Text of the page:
JET: Can you tell us a little more about Sins of the Mother?

Ellis: Sins covers a couple of days in a sleepy little county that's seen hard economic times and, recently, a possible child abduction. The story's protagonist, Maryanne Levine, is a deputy in the Lourie County Sheriff's Department, and bored silly with mundane tasks and thankless paperwork until the other shoe drops. A woman goes missing in Lourie, the mother of the missing girl, and she's handed a leading role in the investigation. As vulnerable as she is smart, Maryanne soon finds the case bigger and darker than she could have ever imagined. As she races the clock to find both mother and daughter, she's drawn into a web of secrets, betrayal and madness that just might be her own undoing.

JET: What drew you to thrillers?

Ellis: I guess it's a twisted fascination with “worst case scenario”. I think we'd all —although, I should probably just speak for myself — like to know how we'd manage under uncontrollable circumstances. Throw out the day-planner and the other comforts of ordinary, and try it on the fly. Race the clock. Walk on the wild side. See what, push come to shove, we're really made of. Writing suspense, and reading it, may be as close as I ever need to be, but who knows? Life is unpredictable.

Tattoos are the hot new accessory for a lot of my female friends (kind of like hair extensions a few years back), but I tell them, and they laugh, that I'm holding out on the off-chance that I may have to go on the run one day and don't need an identifying emblem blazed through several layers of my epidermis. The thing is, deep down, I'm not joking.

JET: What’s been your most challenging hurdle on the road to publication?

Ellis: Finding myself. Discovering what I really want to write. I had some success with romantic comedy, enjoyed, and still do, penning it immensely, but I think I've always known that there was another door I needed to unlock. Something a little edgier. I think being focused improves the quality of writing, so I'm here in thrillers and trying my best to take as many hostages as I can.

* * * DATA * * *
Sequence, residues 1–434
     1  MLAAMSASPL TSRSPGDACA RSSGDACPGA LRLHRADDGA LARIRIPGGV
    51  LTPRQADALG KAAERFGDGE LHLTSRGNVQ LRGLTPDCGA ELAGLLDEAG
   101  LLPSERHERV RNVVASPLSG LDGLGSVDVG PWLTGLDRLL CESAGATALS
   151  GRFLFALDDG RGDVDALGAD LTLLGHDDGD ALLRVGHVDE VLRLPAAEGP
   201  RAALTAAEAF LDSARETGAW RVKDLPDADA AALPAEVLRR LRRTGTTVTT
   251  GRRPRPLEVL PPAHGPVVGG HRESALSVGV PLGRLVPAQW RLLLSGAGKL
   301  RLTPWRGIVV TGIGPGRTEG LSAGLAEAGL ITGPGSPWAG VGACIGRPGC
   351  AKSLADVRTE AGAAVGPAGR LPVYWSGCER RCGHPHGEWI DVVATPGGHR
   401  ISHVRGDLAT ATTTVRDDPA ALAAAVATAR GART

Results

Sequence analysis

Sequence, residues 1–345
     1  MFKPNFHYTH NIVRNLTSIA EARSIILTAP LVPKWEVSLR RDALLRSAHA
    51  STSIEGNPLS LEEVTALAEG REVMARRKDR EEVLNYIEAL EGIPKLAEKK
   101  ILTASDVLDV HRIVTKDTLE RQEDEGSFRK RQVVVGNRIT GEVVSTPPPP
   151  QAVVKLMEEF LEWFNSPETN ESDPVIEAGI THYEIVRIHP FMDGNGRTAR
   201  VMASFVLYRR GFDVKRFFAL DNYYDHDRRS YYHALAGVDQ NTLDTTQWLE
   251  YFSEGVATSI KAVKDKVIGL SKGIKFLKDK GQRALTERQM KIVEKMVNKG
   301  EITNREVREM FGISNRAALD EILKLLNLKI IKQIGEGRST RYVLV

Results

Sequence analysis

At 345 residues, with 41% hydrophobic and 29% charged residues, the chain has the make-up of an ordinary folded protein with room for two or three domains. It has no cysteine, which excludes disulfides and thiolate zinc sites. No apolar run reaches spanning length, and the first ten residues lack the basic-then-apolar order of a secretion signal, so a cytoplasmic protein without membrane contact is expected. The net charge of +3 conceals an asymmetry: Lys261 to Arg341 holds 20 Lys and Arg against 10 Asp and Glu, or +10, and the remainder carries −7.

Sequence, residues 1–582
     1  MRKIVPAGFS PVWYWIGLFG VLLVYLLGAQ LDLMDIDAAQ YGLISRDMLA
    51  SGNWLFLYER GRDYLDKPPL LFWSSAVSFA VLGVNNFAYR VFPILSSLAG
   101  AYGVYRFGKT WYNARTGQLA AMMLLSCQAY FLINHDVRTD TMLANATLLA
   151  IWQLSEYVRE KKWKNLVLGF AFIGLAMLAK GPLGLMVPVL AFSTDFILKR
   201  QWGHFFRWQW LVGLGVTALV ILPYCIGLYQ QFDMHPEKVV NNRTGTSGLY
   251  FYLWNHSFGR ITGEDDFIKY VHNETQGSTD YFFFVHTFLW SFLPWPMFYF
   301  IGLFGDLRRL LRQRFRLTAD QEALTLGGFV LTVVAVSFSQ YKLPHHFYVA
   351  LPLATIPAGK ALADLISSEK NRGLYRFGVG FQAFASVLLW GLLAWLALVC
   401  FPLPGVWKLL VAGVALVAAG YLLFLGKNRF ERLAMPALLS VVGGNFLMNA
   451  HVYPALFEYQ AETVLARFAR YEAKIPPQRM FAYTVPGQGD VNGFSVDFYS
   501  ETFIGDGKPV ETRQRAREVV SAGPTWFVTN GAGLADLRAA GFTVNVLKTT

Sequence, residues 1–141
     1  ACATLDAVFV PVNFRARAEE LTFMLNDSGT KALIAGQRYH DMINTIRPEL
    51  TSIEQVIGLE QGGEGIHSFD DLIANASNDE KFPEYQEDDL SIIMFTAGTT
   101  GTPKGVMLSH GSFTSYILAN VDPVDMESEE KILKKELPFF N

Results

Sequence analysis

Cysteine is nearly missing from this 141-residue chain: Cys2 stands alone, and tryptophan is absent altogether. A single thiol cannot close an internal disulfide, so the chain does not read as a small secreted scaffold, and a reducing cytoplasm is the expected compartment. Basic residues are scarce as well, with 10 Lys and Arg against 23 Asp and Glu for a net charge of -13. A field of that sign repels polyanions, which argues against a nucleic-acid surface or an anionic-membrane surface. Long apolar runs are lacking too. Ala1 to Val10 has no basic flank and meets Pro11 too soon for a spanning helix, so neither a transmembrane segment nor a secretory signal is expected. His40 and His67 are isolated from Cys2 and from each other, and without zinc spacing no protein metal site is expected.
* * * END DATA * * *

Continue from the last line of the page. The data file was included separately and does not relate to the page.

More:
JET: What was your favorite moment in the journey?

Ellis: The first time I typed “the end” on a manuscript. There are rewrites and edits, sure (not to mention the trials of trying to sell), but still...finishing an entire book was a very memorable moment. It's a feat that has lost little appeal over the years.

JET: Which authors had the most influence over you growing up?

Ellis: This is a great question.

My mother was a huge reader. She read everything, and had a ten-to-twelve book stash in her nightstand at all times. She introduced me to Victoria Holt and Mary Stewart when I was about eleven or twelve. I loved those books, we both did. So, when I first started writing, at the tender age of about thirteen, I stole the English governess voice and it a mid-western teenage girl trying to sound like an English governess. Painful to say the least. Then, one day, she handed me a book she'd just read by a new author. You might have heard of him.

Stephen King.

I was transfixed. could just write the way you saw things? Have people talk the way they talk, think the way they think, no mandated rules of propriety? Excellent.

It changed my world. I nixed the virginal governess on the spot and started writing in my own voice. Funny thing about your own voice, it grows with you.

JET: When did you know you wanted to take the plunge into the writing world?

Ellis: Fourth grade, originally.

Ms. Michenski, my English teacher, gave us a writing assignment. We'd been reading short stories all month, so she asked us to write one of our own. Mine got me an A+ and my mother a scolding from Ms. M for doing my homework. My mom woke me up when she got home from conferences to tell me about it, more pleased than pissed, and that put me on course.

Although it would be years before I'd actually try my hand at becoming a professional writer, I remained committed on some level and have always written. I was in my thirties when I finally decided to put writing on the front burner, so to speak, and watch it cook.